My mom left a message on our answering machine yesterday to remind us that it was Grandparent’s Day. “Don’t worry,” she said, “we can wait and celebrate when I come down there on Wednesday.” Sure, and while we’re at it, let’s start celebrating Arbor Day, and Washington’s birthday, and Columbus Day. I mean, at least Christopher Columbus discovered America (well, not really, but that’s another blog for another day). All grandparents did was have children that got pulled into the same vicious cycle of parenting as them. And those marketing tyrants over at Hallmark decided to capitalize on this common coincidence. But, how dare them try to shove another greeting card obligation down our throats! I saw on the Today show last week that the mark-up on cards is like 200%. So, their money-lust really should be satisfied by all the birthday, Christmas, Valentine’s, Mother’s Day, and Father’s Day cards we buy. I remember one year when my kids got Easter cards in the mail and my initial reaction was “What sucker bought them Easter cards?” Their grandparents, of course.

Don’t get me wrong, I’m not completely against the idea of cards. I got some that I really loved for my birthday this year. But they’ve gone on to that big American Greeting Graveyard in the sky. Cards at my house have about a four day shelf life, which is still a much higher survival rating than they get with my brother. He opens and reads cards above his garbage can to expedite their disposal. Even if they warm his heart or make him laugh, they’re read and gone. Because he’s a practical guy and he has never seen any point in holding onto things like that. I don’t know what the opposite of a pack rat is, a smart cookie maybe, but that’s him. And every time I see one of those Oprah specials about hoarders, I’m reminded of the superiority of this way of thinking. I know his grandchildren will appreciate it when they don’t have to dig their inheritance out of 40 tons of mildewed sentimental refuse. They’ll also appreciate not feeling obligated to send him said sentiments.

On a related note, I’m not a big fan of the written thank-you cards either. To me it’s just Emily Post legalism, plain and simple. If I say thank-you when I get a gift from you, or you do something nice for me, why the big charade over mailing a note? It’s like saying, “I’m so thankful I’m wasting postage.” Can’t we just get by on the verbal gratitude? I got a thank-you text the other day and I loved it. I was like “And thank you, friend, for saving me a trip to the trash can.”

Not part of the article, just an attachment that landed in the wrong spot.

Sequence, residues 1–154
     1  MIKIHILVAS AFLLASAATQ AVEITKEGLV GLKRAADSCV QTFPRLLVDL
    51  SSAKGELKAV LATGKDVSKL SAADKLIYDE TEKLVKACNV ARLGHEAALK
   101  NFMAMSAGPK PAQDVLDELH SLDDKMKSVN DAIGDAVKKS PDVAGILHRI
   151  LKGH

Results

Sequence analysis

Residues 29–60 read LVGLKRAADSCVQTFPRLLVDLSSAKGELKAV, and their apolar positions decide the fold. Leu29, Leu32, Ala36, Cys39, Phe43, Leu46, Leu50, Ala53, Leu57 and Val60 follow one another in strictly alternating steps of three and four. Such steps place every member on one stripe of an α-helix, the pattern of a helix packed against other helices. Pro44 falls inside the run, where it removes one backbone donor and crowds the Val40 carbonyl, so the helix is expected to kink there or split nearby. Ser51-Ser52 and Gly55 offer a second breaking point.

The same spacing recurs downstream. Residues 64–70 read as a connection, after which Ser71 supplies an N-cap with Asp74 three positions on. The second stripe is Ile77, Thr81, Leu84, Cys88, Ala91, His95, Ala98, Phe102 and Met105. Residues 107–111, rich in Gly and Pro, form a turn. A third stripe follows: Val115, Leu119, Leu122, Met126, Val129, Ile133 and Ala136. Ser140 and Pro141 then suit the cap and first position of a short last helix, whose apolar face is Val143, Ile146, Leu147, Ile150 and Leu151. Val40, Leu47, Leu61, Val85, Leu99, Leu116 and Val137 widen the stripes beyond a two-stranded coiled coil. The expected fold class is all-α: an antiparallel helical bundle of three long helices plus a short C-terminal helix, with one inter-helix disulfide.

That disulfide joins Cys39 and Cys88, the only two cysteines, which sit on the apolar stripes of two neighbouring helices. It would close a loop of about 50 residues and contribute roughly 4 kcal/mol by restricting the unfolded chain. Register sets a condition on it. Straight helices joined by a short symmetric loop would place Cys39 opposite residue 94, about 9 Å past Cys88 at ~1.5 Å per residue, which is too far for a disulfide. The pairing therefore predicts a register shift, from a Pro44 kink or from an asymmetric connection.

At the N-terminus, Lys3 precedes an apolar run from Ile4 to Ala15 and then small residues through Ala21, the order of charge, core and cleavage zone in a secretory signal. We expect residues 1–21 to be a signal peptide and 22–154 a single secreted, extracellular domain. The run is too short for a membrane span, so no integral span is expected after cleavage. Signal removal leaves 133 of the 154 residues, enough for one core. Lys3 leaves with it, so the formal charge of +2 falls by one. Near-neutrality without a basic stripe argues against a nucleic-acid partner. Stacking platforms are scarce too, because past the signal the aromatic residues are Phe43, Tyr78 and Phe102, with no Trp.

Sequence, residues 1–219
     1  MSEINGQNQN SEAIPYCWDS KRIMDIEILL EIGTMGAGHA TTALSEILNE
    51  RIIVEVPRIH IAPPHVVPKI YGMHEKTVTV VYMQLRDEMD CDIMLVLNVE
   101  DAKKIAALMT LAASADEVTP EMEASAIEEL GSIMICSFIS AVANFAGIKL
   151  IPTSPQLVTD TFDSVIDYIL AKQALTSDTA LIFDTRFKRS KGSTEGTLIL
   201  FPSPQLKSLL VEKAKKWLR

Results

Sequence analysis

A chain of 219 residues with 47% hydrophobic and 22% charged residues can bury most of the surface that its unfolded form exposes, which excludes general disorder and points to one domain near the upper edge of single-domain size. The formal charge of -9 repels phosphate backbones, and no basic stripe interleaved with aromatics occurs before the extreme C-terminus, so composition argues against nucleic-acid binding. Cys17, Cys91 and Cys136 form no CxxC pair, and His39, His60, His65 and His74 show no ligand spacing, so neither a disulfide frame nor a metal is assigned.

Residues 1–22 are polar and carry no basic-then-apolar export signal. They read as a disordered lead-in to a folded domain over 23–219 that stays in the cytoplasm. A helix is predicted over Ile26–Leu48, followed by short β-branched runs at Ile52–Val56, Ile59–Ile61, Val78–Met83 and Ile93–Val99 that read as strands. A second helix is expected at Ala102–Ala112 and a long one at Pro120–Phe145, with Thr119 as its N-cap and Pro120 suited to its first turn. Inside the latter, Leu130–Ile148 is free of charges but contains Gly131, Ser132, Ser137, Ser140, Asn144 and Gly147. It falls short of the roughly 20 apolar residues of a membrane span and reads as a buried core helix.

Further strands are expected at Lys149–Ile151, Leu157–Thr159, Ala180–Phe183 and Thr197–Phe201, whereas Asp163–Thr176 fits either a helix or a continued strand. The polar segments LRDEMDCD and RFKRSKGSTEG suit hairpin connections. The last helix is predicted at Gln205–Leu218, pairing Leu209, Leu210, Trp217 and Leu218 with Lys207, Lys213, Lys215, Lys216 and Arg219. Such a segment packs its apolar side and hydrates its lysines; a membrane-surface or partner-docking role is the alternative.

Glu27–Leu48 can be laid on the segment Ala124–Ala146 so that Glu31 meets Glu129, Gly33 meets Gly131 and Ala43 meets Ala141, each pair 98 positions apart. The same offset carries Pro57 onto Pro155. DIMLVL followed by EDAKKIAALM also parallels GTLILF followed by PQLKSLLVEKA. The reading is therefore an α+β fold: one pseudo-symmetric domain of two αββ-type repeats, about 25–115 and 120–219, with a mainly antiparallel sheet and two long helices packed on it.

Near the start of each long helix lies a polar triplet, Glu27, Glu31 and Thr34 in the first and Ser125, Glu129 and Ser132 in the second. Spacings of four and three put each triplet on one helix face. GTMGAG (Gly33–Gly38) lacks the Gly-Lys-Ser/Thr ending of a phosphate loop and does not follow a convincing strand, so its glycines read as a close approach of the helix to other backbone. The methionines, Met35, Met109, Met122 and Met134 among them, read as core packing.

I'm not sure what Mom wants or expects for Grandparent’s Day. Clearly, I can’t afford gifts because I had three kids! I suppose I could make a cake, mostly because I’m always looking for an excuse to eat cake. I could probably loan her the grandchildren in question for a day, or a week, or even a half a month. That seems like an appropriate gift for the occasion, does it not? All I know is that if she’s hoping for some greeting cards, she better not be holding her breath.

Monday, September 6, 2010

Justice Is Blind (And, Apparently, A Cheapskate)

I’m officially a grown-up. I know because I finally got summoned for jury duty, and I’m so excited! I know I’m not supposed to be, that most people try to get out of jury duty, but I’ve always thought it would be a cool gig. Probably because Hollywood glamorizes it and I’ve read one too many John Grisham books. And the letter itself seems so serious and dramatic, with a bar code and at least three levels of bold. A good half of it is in all caps, too, so you know they mean business.

Imagine my surprise when I got to the second page and saw the heading: Payment. Well, that high was short lived because within the first sentence I realized that McDonald’s pays five times as much. I’ll get $12.00 for the first day, $20.00 a day for the next four days, then $40.00 a day for every day after five days. (For the record, I’m gonna have to drag this thing out at least a week and a half, if I’m going to afford those new shoes I want.)

I scoffed, aloud, and asked my husband what $12.00 divided by eight hours is. $1.50 an hour! “THAT’S RIDICULOUS!” I said in all caps. “Honey, that’s a dollar-fifty more per hour than you make right now,” my husband so kindly brought to my attention, causing me to fall into a downward spiral of depression.

But, that’s okay, because I was already counting on some kingpin sending his hired thugs to the swanky hotel I’ll be sequestered at to offer me a bribe. Don’t worry, I’ll find a way to take the money without sacrificing justice. And, yes, I do think I’ll be sequestered at a really nice downtown hotel, and be provided with three delicious restaurant meals every day, because the government was obviously budgeting for this eventuality when they were determining our monetary compensation. I’m sure they know that you can’t put a price on 800 thread count sheets or 24-hour room service.